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MENTAL

Is Visual Basic C++ with MFC?

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A thought barged it''s way into my head the other day and I think you might know what it is - Visual Basic has (almost) the same structure as MFC applications. The MDI windows are identical, and the MFC SDI being banished. The dialogue controls look similar. Hell, the form it''s self has roughly the same properties as MFC. And then we come on to the common dialogue controls 1, 2, and 3. Rebar - CRebar? Treeview - CTreeView? Fileview? Does this sound familiar? There''s even the bloody calender controls in VB and MFC! I personally think that this is all a conspirisy by Microsoft to make the transistion from VB to MFC easier. Shame it didn''t work though. Something sort-of related. VB code could easily be turned into C++ code and then into assembler, thus eliminating the myth that VB is an interpreted language. The "OnKeyPress" events and similar could be used to form the basis of the message map in MFC (and Win32 C++). Now my next point: DirectX. DirectX has been ported to VB. Well, it''s been official ported to VB. VB has always been able to access a some-what cut down version of DirectX just by including the appropriate library files. But now it''s been fully included. And guess what - it''s almost identical to the c++ version!! Another thing I like about VB is the Public Delcare keywords, which give you access to the Win32 API, and surprise, surprise, they have the same function calls as those in c++! All the compiler has to do is insert a little referance to "windows.h" or something similar and there you go. So much for Micro$oft spending countless months porting over and wrapping up the Win32 SDK. I wont even bother going into detail about those magical functions that use the CDC and HWND classes - I''ll let you look up that one for yourself. MENTAL PS: this is just my thoughts - not fact (I think)!!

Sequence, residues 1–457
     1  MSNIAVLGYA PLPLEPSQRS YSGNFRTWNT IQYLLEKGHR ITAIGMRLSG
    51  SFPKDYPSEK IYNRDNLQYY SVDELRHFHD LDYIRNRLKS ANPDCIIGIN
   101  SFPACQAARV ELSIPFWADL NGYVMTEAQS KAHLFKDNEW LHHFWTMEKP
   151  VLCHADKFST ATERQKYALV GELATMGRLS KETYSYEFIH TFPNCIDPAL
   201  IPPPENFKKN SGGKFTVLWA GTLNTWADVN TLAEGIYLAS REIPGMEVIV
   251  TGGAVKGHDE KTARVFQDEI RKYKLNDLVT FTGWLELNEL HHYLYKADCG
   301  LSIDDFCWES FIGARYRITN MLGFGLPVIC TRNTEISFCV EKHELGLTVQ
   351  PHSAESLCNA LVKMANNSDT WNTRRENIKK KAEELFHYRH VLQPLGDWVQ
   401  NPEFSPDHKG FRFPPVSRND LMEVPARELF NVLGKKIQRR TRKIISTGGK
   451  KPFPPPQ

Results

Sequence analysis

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What''s your point? I think Microsoft was trying to make the transition from C++ to VB easier because VB is pretty much Windows only (realbasic for mac) and C++ is cross platform. The reason for the calls being similar is because it is easier to port code from C++ to VB. Along with that, Windows does not have a seperate visual basic dll file for each c++ dll file. It just makes more sense to direct link with a dll.

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VB also uses the same Compiler as VC++. So it would make sense for Microsoft to "design" it to be similar.

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1) MFC and Visual Basic both use the official names of the Windows controls, like Treeview, Fileview, Scrollbar, Button, etc. VB does not try to be like MFC or vice versa.

2) Everything BASIC is an interpreted language. That''s why you can run it without compiling it. It doesn''t matter how easily you can port the language to a non-interpreted language -- the only thing that matters is how the compiler treats the code. I''ve heard certain versions and editions of Visual Basic allow the language to be truly compiled, without being interpreted (even so-called compiled VB programs interpret themselves with the help of the VB runtime files).

3) Of COURSE the VB version of DirectX is identical to the C++ version. It has to be, to use the same DLLs. Likewise, you can use DirectX in Delphi, and the structure will be exactly the same.